Active Kids = Active Minds

Having worked in both remediation and gifted education Pre-K through college for over six years, I am often asked by family and friends for tips and tricks of how their children can get a running start on the path to success. This is especially true for my loved ones who have a child just entering preschool—and even younger. For these very young ones (and all other ages), my advice is always this: PLAY, PLAY, PLAY!

According to the study "Fitness Improves Thinking in Kids," children who exercise regularly with play activities actually experience increased brain activity during non-exercise tasks (Bruzek, 2014). This means that exercising through play, even if it has nothing to do with "traditional learning," strengthens your child's ability to learn and puts him or her on the path to success at school and beyond.

For those of us with children old enough to participate in team sports or non-facilitated collaborative play like neighborhood tag, the solution is easy. However, if your children are too young for independent play you may be struggling to think of ideas. Check out the list below for some suggestions for exercise play that promotes brain activity!

Baby: up to 12 months

  • Provide toys that promote reaching and grabbing.
  • Engage your baby's sense of touch by providing safe household items like clothing of different textures (always supervised and age appropriate, of course). Finally, a use for your long retired velour tracksuit!
  • Visually engage your baby with toys and objects of different colors and sizes, while saying aloud the names of the objects.
  • Ease the transition to tummy time by accompanying the gentle maneuver with songs and play peak-a-boo at her eye level.

Toddler: 1 to 3 years

  • Dance and sing! Find a song that you both enjoy and incorporate movements that use the whole body.
  • Play roll or catch with a ball made of soft material.
  • Play follow the leader or ring around the rosie.
  • Work on exhibiting toddler-modified healthy exercises like jumping jacks and stretching. (My cousin Jennie, a fitness guru, loves this one because it teaches healthy habits early on. First grader Ella already runs faster than I can, and baby George is on his way!)

Preschooler

  • Begin introductions to team sports like basketball or soccer. If he's not ready to participate on a team, try playing in short bursts at home. (A tip from Guru Jennie: If your child is not on a team, create your own family team!)
  • Work on bicycle skills, or try a tumbling or swimming class.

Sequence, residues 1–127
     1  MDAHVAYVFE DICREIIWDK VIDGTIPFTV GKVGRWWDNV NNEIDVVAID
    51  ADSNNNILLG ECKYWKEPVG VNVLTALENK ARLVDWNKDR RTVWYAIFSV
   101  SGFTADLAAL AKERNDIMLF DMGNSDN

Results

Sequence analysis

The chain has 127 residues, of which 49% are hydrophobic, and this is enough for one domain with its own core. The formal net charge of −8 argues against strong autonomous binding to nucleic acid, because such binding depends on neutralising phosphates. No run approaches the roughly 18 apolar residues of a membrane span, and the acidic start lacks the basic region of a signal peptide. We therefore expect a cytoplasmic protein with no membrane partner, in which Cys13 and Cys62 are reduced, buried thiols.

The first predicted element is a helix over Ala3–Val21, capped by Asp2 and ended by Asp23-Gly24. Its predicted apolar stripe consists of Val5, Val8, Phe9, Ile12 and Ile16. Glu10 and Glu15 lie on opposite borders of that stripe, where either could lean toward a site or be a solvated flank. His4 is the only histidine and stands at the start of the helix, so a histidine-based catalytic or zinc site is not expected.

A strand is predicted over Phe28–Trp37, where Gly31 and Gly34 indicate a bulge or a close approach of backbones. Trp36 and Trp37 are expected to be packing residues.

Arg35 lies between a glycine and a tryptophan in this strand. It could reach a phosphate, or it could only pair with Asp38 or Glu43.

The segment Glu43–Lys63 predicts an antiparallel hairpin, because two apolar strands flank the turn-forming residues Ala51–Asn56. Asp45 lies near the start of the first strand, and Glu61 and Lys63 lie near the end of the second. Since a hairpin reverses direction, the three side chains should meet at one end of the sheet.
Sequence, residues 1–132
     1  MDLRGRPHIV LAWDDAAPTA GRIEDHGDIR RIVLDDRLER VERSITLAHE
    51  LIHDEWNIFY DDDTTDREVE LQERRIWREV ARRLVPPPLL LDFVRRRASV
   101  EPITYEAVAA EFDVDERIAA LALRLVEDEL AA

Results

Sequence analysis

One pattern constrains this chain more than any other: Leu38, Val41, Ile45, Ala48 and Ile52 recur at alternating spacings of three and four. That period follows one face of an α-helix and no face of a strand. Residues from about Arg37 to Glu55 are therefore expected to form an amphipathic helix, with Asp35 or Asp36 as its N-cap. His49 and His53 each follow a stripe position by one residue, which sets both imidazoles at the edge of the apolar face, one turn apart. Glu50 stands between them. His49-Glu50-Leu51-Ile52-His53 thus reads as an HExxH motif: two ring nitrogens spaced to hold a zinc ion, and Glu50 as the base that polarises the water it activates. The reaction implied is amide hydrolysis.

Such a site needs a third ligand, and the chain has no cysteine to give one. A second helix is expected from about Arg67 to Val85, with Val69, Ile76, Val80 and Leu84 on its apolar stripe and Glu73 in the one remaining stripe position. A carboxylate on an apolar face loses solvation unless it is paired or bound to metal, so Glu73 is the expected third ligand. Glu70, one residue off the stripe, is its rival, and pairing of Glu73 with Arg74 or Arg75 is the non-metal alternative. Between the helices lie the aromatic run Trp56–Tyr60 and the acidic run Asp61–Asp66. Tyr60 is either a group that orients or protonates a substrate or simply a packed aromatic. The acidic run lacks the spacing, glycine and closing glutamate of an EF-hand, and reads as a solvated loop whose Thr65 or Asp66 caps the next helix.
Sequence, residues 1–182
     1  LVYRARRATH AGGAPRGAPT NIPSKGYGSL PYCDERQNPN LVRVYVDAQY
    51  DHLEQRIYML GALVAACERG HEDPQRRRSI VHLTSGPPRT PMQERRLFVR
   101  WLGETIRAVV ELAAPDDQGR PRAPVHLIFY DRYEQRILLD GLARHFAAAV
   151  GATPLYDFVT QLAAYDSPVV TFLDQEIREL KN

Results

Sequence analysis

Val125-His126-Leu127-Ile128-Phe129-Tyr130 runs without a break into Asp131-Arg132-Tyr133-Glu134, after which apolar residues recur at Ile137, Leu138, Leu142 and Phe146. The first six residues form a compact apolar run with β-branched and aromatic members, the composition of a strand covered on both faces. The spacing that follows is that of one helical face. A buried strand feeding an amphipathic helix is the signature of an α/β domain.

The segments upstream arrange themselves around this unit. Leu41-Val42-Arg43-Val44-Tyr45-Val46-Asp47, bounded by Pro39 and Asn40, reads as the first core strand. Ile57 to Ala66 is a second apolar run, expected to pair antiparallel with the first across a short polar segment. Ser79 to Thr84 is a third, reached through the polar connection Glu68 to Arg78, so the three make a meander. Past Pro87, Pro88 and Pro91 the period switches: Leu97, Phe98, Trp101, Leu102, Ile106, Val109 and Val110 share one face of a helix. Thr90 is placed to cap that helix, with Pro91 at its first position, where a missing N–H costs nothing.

• Ask your preschool what exercise play activities are incorporated in the school day. Make sure that there is enough safe outdoor and indoor space for your child to learn, play, explore, and be active.

Remember to keep exercise play activities engaging and fun! Exercise play should not feel like an adult trudge to the gym. When your child engages in healthy exercise play on a regular basis, she is off to a great start in brain development and working toward a successful academic future!

Learn more about   Child Care of Southwest Florida!

 

References

Bruzek, A. (2014). More active play equals better thinking skills for kids. Shots: Health News from NPR. NPR website.

https://www.aap.org/en-us/advocacy-and-policy/aap-health-initiatives/HALF-Implementation-Guide/Age-Specific-Content/Pages/Infant-Physical-Activity.aspx

https://www.healthychildren.org/English/healthy-living/growing-healthy/Pages/baby-activity.aspx

 

Topics: Child care, Learning, play, development, activities

Claudia Auger

Written by Claudia Auger

A volunteer for Child Care of Southwest Florida

Subscribe to Email Updates


Grammy Tammy’s top 5 tips on helping your child after a traumatic event

Traumatic events and natural disasters have a significant impact on all of our lives but with a few easy steps you can be better prepared for these situations. We took some advice from Patrick Mularioni, M.D., at John Hopkins All Children’s Hospital and Sandra Bailey, Ph.D. CFLE, Family & Human Development Specialist, on helping parents help their children overcome the stress, disruption and anxiety created from events such as hurricanes, loss of loved ones or car accidents.


 

 

Recent Posts